Referring to FIG. 2, in operation 220, oxides are deposited in the through vias and etched back to expose the conductive structures. The oxides are deposited from a backside of the workpiece to passivate the via walls. A CVD process may be used. In some embodiments, the CVD process is a low temperature process to minimize usage of a thermal budget. The oxides are deposited in sufficient thickness to ensure complete sidewall coverage and prevent any electrical current from a conductor in the through via to cross into the substrate. The oxides are etched back to expose conductive structures on the MEMS device and CMOS device. The etch back process uses bias to direct the etchant, for example, ions in a plasma, toward a bottom (MEMS device) of the through vias 1101 and a bottom (CMOS interconnect) of the vias 1103. FIG. 12 is a cross-sectional diagram of a workpiece 1200 after operation 220. The workpiece 1200 includes oxide layer 1201 in the sidewalls of through vias 1101 and vias 1103. The bottoms of the through vias 1101 and vias 1103 are exposed conductive structures.

Referring to FIG. 2, in operation 222, a conductive material is deposited and patterned in the through vias and on portions of the thinned CMOS substrate. The conductive material may be copper deposited using a seed layer (PVD) and bulk copper (electroplating). In some embodiments, the conductive material may completely fill the through vias and vias. In other embodiments, only a portion of the through vias and vias is filled, for example, at the bottom and along the sidewalls. Other conductive materials may be used, for example, aluminum, alloys of aluminum and copper, tungsten, nickel, and other commonly used semiconductor conductors. After the conductive material is deposited, it is then patterned and etched. The patterning separates the conductive material according to electrical output design. For example, conductive material may be associated with one through via and one conductive bump.

FIG. 13 is cross-sectional diagram of a workpiece 1300 after operation 222 of FIG. 2. The workpiece 1300 includes conductive through vias (1301, 1307) that electrically connects the MEMS device 301 to a backside of the CMOS device 501 using a conductor 1303. As shown, the conductor 1303 does not completely fill the through via. At the bottom of the conductive through via 1301, conductor 1303 directly connect to an interconnect structure in the MEMS device 301. The workpiece 1300 also includes conductive via 1305 that electrically connects the CMOS device interconnects to a backside of the CMOS device 501. As shown, the conductor in the conductive via 1305 also connects to the interconnect structure of the MEMS device. Thus, the conductor 1303 not only acts as an external electrode to the conductive bump, but also can route signals between the CMOS device 501 and the MEMS device 301 without going through the conductive bumps. In some embodiments, the conductors that routes signal between the MEMS device 301 and the CMOS device 501 may not be connected to an external conductive bump.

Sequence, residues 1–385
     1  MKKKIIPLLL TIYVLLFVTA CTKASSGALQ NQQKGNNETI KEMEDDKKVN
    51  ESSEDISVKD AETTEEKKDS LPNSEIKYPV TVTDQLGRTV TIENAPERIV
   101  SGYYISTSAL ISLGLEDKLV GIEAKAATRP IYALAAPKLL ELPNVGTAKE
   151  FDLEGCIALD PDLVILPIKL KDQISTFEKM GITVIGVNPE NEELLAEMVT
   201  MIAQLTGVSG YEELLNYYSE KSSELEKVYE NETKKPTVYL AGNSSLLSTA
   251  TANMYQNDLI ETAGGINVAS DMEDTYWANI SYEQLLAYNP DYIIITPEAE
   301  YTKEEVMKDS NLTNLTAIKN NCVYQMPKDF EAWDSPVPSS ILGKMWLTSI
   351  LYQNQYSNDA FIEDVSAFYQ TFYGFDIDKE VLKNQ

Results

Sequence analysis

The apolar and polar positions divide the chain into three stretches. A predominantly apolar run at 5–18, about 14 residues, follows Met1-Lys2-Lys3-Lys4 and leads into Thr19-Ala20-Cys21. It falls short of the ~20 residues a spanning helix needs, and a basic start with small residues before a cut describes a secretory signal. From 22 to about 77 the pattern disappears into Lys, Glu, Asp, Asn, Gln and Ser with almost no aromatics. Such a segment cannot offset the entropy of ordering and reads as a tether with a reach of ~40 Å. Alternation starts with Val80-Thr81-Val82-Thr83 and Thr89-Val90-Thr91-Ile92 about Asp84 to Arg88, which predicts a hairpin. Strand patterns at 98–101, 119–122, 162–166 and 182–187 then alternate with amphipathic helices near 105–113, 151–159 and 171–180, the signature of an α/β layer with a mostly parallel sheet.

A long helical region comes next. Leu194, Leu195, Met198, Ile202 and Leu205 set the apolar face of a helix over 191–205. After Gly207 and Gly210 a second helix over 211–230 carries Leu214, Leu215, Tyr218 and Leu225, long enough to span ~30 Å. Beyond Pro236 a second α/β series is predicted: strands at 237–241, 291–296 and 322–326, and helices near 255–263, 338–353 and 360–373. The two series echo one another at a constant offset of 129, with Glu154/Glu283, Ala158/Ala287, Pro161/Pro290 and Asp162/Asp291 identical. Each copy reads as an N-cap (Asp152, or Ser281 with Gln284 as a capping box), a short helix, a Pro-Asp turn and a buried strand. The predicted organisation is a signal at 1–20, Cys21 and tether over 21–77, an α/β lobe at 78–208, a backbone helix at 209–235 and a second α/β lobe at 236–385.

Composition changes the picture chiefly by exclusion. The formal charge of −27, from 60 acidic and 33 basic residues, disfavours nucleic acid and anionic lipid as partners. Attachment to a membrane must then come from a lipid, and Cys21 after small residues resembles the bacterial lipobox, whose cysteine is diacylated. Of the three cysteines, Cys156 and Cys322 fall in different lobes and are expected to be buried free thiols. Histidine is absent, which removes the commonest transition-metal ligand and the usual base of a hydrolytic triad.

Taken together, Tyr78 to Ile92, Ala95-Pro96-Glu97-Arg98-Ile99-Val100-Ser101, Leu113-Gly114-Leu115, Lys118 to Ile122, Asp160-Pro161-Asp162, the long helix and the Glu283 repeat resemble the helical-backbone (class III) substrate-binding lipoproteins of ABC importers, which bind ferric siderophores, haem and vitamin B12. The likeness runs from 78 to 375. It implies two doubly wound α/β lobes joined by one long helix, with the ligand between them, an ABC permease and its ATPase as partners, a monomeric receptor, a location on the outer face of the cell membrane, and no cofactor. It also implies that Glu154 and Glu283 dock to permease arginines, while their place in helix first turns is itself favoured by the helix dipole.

Referring to FIG. 2, in operation 224, conductive bumps are formed over the patterned conductive material, i.e., the conductors of FIG. 13. The conductive bumps are formed by first coating a bump passivation layer over the conductive material, patterning the bump passivation layer to form openings and expose the conductive material, deposit a conductive liner in the openings, and conductive bump material to fill and protrude from the openings. The conductive bumps form a ball grid array (BGA) on the backside of the workpiece. FIG. 14 is cross-sectional diagram of a workpiece 1400 after forming and patterning a bump passivation layer 1401. The bump passivation layer may be formed of any commonly used material around conductive bumps. Examples include different types of epoxies, for example bismaleimide-triazine resin, polyimide, other thermoplastic polymers, and combinations of these. Workpiece 1400 includes openings 1402 in the bump passivation layer 1401 that exposes the conductors 1303. FIG. 15 is a cross-sectional diagram of a workpiece 1500 having a completed conductive bump structure 1501. An underbump metal layer 1503 contacts the conductor 1303 and is disposed between the conductive bumps 1505 and the conductors 1303. The conductive bump 1505, as shown, fills the openings 1402 from FIG. 14 and protrudes above the opening on the underbump metal layer 1503. Depending on the conductive bump material and the geometry of the underbump metal layer 1503, different conductive bump shapes may be formed. In some embodiments, the conductive bumps are hemispheric domes, hemi-ellipsoid domes, or cylindrical pillars. Any typical bump material may be used. After forming the conductive bumps, the workpiece may be singulated and incorporated into a product device.